ESX Swap file/VM Page file location question

ESXi 5 Cluster
NetApp FAS3240 Cluster (Active/Active)
NFS Datastores

I'm going through the best practices documentation from NetApp concerning vSphere and Storage (TR-3749).

NetApp recommends storing the VM Swapfile on a centralized datastore for disk cost savings (snapshots and replication). This setting would be set at the host level. When going into the settings at the cluster level, VMware "recommends" saving this within the same directory as the VM.

Anyone have experience with this? As in pros and cons? I can see where this could degrade the performance of vMotion, but other than this I was looking for some input from people who have run this in production.

Also, what are your thoughts on also moving the VM's pagefile (OS) to a separate VMDK that is located on a centralized datastore as well? Same thought process here.. disk savings is nice, but don't want to introduce stability issues (if any).
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MMRNLAITAsked:
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Andrew Hancock (VMware vExpert / EE MVE^2)VMware and Virtualization ConsultantCommented:
If VMs start to swap, you want to put the ESX Swap and VM Page files on the fastest datastore as you can.

Swap-In functions is what causes the most performance issues.

You may want to look at consumer SSDs - 32GB just for Host Cache Configuration now supported in ESXi 5.0 for this very purpose, SSD have far better latency, between disks and RAM for Swap file usage.

Also ensure, that Pagefiles are correctly set in the VM, and for performance again, allocate on fast datastores.

Place guest’s swap file/partition on separate vdisk
• Allows you to monitor guest swap activity through virtualDisk stats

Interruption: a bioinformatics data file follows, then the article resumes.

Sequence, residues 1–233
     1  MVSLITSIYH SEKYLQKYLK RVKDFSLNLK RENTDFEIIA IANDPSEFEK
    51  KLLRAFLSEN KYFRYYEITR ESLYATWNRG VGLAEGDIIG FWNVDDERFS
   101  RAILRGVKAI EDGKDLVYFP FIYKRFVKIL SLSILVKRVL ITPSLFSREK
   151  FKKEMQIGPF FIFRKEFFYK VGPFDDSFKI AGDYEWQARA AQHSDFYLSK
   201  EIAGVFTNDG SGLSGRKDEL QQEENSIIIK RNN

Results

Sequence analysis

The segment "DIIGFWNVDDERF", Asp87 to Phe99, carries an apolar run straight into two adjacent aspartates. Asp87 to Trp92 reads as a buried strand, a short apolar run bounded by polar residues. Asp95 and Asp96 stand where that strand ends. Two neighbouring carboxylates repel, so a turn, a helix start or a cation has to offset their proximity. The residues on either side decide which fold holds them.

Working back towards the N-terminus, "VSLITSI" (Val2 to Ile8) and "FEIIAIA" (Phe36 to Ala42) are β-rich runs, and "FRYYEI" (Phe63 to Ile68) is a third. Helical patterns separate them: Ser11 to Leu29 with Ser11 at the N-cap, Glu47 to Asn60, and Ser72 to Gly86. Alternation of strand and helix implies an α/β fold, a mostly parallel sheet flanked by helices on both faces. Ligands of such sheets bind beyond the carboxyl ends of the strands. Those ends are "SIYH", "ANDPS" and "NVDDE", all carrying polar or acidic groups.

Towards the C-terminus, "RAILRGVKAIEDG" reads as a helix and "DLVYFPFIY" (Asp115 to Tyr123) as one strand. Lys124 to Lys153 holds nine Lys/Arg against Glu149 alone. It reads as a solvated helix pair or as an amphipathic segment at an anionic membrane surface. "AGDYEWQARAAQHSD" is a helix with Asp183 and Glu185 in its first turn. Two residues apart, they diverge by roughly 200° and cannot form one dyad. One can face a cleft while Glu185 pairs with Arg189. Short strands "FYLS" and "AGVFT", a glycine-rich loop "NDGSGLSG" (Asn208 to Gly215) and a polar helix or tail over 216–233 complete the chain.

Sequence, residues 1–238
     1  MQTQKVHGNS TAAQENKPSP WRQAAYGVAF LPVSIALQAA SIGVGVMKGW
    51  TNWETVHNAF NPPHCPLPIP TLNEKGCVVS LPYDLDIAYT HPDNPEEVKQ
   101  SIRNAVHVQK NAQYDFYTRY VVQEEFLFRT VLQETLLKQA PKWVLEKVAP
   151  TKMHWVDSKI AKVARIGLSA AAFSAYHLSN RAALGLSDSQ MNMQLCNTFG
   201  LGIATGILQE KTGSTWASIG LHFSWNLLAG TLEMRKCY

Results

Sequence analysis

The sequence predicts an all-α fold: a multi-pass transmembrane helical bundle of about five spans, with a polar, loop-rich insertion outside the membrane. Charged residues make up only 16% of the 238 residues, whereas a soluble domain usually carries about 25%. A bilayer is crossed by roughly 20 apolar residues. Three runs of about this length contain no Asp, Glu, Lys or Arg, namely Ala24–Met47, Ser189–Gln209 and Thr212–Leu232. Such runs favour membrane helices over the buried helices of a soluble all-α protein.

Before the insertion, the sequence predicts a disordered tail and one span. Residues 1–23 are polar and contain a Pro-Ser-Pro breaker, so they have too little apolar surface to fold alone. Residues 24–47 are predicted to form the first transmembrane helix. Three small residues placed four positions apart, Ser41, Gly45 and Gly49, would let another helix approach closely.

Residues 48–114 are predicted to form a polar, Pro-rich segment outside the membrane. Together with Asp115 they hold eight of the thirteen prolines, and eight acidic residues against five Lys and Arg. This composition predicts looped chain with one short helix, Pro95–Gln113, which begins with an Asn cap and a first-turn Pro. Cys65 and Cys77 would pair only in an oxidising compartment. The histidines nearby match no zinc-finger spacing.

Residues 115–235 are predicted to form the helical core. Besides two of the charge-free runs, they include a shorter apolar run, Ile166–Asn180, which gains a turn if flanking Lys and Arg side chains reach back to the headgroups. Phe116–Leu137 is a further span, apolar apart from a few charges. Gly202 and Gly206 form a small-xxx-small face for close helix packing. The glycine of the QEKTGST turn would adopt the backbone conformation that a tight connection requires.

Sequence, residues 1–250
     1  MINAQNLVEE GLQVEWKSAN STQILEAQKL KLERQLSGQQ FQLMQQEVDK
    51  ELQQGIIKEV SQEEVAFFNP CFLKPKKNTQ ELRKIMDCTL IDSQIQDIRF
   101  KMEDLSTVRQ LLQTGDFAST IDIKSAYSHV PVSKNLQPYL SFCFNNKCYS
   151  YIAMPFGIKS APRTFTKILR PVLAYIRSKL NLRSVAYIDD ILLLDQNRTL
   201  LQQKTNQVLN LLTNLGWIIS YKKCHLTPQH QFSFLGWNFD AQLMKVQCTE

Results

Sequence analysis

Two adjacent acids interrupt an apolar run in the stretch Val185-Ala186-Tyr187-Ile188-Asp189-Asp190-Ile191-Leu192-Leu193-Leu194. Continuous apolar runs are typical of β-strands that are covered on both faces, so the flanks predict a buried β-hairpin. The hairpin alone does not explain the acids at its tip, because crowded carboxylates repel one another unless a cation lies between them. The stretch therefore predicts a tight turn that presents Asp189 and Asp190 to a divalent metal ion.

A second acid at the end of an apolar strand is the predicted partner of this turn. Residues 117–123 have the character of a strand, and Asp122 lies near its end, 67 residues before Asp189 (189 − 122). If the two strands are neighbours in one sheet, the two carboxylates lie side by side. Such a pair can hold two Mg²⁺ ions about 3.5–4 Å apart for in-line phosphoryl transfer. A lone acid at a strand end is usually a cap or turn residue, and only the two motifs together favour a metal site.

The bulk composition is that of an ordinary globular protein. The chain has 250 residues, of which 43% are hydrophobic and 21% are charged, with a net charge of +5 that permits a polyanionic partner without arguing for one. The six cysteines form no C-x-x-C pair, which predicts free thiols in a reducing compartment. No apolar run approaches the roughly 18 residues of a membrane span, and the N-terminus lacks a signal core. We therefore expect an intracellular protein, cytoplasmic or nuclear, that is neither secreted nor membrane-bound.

see here

http://www.virtuallyghetto.com/2011/07/how-to-automate-host-cache.html
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MMRNLAITAuthor Commented:
We have zero contention with our cluster in regards to memory resources. I was more interested in disk cost savings in regards to replication. We have limited bandwidth to our DR site and I want to decrease our snapshot data footprint as much as possible.


But you bring up an interesting point about using SSDs. In general can we gain performance by using them for host cache?
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Andrew Hancock (VMware vExpert / EE MVE^2)VMware and Virtualization ConsultantCommented:
Yes, Increased Performance, for very little space used.

Overcoming slower latency in using traditional disk, where SSD have much better performance in this area.

SSD is just for Host Cache. So 32GB will be ample for most sites.
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MMRNLAITAuthor Commented:
one more question, would there be an issue with creating one datastore for both the swapfile and pagefile on all my VMs?
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Andrew Hancock (VMware vExpert / EE MVE^2)VMware and Virtualization ConsultantCommented:
Certainly not, but make sure you do not have performance issues with it, otherwise ALL VMs will be affected.
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MMRNLAITAuthor Commented:
certainly not? As in yes? or no?

=)
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Andrew Hancock (VMware vExpert / EE MVE^2)VMware and Virtualization ConsultantCommented:
No issues, but monitor performance of the disk and datastore.
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